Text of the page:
As many as 1,500 plots of land across Mumbai, reserved to be used as gardens, playgrounds and recreation grounds, are now up for adoption by corporates, individuals, non-government organisations and residents’ associations, with the Brihanmumbai Municipal Corporation passing its contentious ‘open spaces policy’ Wednesday.
Under the policy, these plots may be adopted for a period of five years on payment of a deposit of Rs 25,000. Unlike previous norms, no construction will be allowed on these lands at all, though existing clubhouses on BMC land handed out under the previous ‘caretaker policy’ will not be affected. Officials clarified that the new policy would only apply to lands not already adopted or leased under the previous policies.
The previous caretaker policy for open spaces was stayed in 2007 by the state government, then under the Congress-NCP, after a furore over these lands being taken over by clubs run by politicians.
The new open spaces policy of the BMC has remained contentious for several reasons, chief among them being a condition that the BMC can select between prospective bidders for any plot based on their annual turnover and other financial factors, immediately leaving local residents’ associations at a disadvantage.
Under the new policy, however, no commercial activity will be allowed on these lands nor any construction, with the exception of toilets as permitted by the BMC.
Also, in a departure from the previous adoption policy, the grounds will now have to be kept open for access to people from 6 am to 9 pm, at a nominal entry fee of Rs 2 to Rs 5. Entry for children and senior citizens will be free. Under the previous adoption policy, the grounds, gardens and playgrounds could be kept closed through the afternoon, remaining open only for three hours in the mornings and evenings.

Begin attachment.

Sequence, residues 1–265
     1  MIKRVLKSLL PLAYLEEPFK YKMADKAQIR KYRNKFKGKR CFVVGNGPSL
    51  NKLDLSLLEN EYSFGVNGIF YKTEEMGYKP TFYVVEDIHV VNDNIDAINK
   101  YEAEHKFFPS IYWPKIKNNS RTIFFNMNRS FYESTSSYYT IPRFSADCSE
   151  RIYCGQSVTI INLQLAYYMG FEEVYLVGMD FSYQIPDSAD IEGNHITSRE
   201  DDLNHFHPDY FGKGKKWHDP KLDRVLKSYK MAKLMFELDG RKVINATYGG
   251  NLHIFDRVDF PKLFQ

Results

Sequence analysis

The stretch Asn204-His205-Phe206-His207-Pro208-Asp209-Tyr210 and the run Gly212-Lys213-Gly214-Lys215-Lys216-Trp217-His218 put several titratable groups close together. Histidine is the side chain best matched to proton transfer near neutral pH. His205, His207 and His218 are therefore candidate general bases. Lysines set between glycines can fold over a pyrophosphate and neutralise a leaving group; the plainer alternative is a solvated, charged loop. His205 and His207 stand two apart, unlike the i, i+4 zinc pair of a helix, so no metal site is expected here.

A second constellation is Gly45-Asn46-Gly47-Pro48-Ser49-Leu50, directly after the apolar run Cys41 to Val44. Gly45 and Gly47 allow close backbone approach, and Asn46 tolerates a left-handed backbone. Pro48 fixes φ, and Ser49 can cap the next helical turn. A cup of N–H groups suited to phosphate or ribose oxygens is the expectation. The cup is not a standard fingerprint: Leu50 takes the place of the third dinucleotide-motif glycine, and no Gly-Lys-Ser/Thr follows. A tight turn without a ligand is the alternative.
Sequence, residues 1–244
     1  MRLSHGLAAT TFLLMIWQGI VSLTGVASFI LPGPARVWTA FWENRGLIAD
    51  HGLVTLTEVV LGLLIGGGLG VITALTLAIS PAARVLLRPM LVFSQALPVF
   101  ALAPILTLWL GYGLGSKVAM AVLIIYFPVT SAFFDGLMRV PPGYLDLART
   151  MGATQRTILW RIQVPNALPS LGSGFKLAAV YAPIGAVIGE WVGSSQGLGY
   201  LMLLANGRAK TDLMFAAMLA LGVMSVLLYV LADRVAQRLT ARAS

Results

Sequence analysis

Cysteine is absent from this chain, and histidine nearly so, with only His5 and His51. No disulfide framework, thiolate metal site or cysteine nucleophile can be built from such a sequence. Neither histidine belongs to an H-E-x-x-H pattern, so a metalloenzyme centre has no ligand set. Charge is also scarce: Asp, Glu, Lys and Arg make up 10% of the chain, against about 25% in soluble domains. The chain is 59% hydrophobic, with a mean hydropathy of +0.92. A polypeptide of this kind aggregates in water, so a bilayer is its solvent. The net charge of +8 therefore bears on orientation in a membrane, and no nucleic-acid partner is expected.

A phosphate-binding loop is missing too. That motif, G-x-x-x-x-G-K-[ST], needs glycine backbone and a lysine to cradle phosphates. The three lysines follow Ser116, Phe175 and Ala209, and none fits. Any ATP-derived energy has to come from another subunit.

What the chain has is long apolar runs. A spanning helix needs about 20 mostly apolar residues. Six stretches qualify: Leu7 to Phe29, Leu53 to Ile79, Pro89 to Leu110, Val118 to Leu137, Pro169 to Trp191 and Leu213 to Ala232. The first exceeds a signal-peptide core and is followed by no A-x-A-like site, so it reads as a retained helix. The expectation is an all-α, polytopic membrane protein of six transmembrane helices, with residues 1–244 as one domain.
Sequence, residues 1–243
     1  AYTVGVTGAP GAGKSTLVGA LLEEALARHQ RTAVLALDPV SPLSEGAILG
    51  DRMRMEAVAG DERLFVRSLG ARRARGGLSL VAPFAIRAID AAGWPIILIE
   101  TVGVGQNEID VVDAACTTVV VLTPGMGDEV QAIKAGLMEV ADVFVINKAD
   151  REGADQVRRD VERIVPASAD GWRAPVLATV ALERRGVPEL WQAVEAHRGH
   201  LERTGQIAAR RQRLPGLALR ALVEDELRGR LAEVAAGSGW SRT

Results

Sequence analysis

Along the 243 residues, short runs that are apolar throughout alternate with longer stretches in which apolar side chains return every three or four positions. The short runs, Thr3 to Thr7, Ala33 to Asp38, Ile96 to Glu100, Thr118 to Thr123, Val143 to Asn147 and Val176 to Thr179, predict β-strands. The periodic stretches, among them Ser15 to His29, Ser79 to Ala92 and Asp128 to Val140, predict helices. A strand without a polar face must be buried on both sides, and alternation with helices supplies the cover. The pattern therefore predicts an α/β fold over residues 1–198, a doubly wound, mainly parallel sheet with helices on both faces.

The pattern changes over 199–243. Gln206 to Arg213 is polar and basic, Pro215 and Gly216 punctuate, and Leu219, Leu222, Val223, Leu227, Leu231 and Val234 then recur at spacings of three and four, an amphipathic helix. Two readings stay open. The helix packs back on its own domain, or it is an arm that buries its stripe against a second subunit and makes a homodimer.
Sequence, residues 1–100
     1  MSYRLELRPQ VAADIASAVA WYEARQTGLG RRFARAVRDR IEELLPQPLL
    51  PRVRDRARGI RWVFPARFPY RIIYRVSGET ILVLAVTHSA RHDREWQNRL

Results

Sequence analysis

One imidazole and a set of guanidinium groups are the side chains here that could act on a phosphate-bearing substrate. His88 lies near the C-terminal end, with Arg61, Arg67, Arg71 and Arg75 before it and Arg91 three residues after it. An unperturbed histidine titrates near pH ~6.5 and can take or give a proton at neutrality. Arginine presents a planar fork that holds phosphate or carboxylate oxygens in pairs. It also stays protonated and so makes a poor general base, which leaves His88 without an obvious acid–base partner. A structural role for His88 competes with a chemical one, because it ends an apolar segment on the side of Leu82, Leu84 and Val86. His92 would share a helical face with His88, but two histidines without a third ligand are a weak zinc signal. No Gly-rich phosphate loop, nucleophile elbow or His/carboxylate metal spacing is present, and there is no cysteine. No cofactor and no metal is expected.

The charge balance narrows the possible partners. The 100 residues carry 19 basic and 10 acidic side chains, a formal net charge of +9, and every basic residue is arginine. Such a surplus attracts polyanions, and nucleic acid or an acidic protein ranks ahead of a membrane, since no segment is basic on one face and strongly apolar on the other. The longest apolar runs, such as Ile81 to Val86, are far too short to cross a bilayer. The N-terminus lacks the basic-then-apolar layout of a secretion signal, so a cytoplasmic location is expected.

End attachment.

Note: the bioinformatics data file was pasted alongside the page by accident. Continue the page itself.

Additional Municipal Commissioner S V R Srinivas said the policy was needed to fill an existing vacuum on how to maintain these lands. Corporators across party lines, however, said the decision would affect common citizens’ access to open spaces. Samajwadi Party leader Rais Shaikh said, “This policy is flawed since it will encourage the wealthy corporates and discourage local communities from maintaining the gardens.”
Corporators said the plots would soon be rented out for events including weddings, limiting access to common residents. Samajwadi Party corporator Ashraf Azmi also cited a report saying 6 to 8 per cent of the city should comprise open spaces while only 0.8 per cent of Mumbai’s land remains open. “Once these are given out on adoption, the BMC won’t be able to get them back,” he said.
NCP corporator Dhananjay Pisal threatened to move court against the policy. Congress corporator Mohsin Haider also said the BMC should maintain open spaces on its own, through budgetary allocations.
With the general body of the BMC passing the proposal, officials said it would now be sent to the state government for a formal approval, after which implementation would start.